Indians starter Ubaldo Jimenez turned in a solid effort while the offense provided more than enough support to cut their deficit in the AL Central to five games. Meanwhile, the Tigers lost 1-0 to the Royals.
The offense put up a five-spot in the fourth on a two-run home run by Asdrubal Cabrera and a three-run home run by Lonnie Chisenhall, taking advantage of White Sox starter Andre Rienzo. The Indians tacked on two more in the sixth on Carlos Santana’s two-run single to center, which was initially deflected by shortstop Alexei Ramirez. One more run was added in the ninth on Ryan Raburn’s sacrifice fly.
The way Ubaldo Jimenez was pitching, though, the Indians didn’t need that many runs. The right-hander went eight and one-third innings, allowing just one run on eight hits and a walk while striking out eight. He allowed two consecutive singles with one out in the ninth before giving way to reliever C.C. Lee, who promptly allowed a single to load the bases. After surrendering a sacrifice fly to Josh Phegley, he retired Marcus Semien to end the contest.
With the 8-1 win, the Indians improve to 80-68, just five games behind the Tigers for first place in the AL Central. They also move one game behind the Rays for the second AL Wild Card.
Earlier today the Major League Baseball Umpire’s Association made multiple posts on social media registering its displeasure at what it feels was the league’s weak discipline of Manny Machado following his run-in with umpire Bill Welke. It was an unusual statement, as it’s not common for umpires, individual or via their union to comment on such matters.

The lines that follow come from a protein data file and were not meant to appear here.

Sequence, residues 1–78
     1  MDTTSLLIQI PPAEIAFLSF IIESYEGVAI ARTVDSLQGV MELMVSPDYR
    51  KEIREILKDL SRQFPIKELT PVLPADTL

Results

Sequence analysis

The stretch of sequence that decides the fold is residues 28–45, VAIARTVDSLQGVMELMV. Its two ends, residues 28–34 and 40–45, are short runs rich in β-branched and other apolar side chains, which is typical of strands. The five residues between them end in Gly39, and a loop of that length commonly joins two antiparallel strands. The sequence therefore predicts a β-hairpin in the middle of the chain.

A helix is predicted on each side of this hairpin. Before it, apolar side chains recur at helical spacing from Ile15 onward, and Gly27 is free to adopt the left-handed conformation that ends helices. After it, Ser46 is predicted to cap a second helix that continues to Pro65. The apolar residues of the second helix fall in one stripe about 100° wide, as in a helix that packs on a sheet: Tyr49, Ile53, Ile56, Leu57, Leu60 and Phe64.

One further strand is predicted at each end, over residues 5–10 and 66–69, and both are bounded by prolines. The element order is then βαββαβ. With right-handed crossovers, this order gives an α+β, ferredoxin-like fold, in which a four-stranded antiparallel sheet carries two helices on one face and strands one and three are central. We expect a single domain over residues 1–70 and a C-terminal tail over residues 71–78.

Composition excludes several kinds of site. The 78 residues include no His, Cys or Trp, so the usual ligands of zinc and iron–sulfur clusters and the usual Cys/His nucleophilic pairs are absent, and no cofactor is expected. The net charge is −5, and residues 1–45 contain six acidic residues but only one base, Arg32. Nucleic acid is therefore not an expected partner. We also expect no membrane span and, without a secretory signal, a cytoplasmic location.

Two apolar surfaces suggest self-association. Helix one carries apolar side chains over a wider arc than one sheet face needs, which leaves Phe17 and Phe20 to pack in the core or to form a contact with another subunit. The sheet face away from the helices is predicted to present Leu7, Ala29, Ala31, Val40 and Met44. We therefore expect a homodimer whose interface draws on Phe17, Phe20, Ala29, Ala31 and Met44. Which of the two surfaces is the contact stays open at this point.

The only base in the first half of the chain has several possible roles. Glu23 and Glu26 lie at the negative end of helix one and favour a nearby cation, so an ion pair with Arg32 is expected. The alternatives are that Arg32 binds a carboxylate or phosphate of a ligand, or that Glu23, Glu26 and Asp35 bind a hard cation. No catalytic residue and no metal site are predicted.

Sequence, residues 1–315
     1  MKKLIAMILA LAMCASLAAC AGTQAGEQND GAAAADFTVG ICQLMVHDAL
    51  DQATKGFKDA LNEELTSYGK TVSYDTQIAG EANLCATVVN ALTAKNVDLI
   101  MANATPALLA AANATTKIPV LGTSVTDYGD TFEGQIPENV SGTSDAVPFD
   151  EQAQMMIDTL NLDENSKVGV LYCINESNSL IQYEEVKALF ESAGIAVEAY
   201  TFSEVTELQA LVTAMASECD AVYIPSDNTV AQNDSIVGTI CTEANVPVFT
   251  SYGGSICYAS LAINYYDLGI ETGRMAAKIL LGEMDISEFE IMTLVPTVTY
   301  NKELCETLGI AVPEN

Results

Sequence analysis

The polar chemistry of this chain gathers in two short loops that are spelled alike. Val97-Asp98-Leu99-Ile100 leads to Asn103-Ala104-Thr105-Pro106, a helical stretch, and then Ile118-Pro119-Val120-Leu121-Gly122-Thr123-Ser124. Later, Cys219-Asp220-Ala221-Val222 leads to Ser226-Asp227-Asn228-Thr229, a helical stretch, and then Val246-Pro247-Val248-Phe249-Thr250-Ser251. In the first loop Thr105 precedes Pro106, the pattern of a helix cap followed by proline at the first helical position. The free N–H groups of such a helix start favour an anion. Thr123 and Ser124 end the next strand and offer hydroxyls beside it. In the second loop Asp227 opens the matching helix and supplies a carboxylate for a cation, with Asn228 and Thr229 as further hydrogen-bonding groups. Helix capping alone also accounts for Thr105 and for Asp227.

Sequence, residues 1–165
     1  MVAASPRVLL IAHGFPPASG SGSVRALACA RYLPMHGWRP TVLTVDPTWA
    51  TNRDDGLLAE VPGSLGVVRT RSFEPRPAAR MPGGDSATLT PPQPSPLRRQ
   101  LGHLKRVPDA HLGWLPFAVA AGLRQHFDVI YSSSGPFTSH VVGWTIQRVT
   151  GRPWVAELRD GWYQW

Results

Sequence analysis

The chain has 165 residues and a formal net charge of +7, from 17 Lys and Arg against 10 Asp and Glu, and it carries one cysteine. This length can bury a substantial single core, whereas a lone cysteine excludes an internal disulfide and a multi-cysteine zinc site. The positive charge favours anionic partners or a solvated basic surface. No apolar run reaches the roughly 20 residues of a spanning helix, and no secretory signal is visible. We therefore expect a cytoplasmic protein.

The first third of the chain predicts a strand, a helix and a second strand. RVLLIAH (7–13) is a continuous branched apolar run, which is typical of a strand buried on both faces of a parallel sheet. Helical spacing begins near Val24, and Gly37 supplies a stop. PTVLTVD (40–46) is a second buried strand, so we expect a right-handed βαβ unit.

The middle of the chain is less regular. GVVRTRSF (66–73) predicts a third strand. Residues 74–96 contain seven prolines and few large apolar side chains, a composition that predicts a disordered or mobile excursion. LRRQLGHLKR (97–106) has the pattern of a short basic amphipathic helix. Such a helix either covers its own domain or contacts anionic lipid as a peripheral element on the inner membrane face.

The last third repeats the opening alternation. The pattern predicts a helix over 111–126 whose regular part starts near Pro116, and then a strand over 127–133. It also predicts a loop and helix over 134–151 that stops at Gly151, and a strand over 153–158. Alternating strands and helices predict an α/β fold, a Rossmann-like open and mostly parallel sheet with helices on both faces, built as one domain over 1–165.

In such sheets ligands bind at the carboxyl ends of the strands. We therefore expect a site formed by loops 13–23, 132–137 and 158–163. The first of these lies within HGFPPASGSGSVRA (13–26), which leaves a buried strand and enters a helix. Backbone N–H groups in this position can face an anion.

This evening, in an official statement, the league called it inappropriate:
“Manny Machado was suspended by MLB Chief Baseball Officer Joe Torre, who considered all the facts and circumstances of Machado’s conduct, including precedent, in determining the appropriate level of discipline. Mr. Machado is appealing his suspension and we do not believe it is appropriate for the union representing Major League Umpires to comment on the discipline of players represented by the Players Association, just as it would not be appropriate for the Players Association to comment on disciplinary decisions made with respect to umpires. We also believe it is inappropriate to compare this incident to the extraordinarily serious issue of workplace violence.”
That final bit, about workplace violence, is something that I didn’t really consider when I read the umps’ statements, but it’s a damn good point. In an age where people are literally shooting up workplaces, umpires making reference to that kind of thing in response to a player throwing a bat is pretty rich indeed. And in pretty poor taste.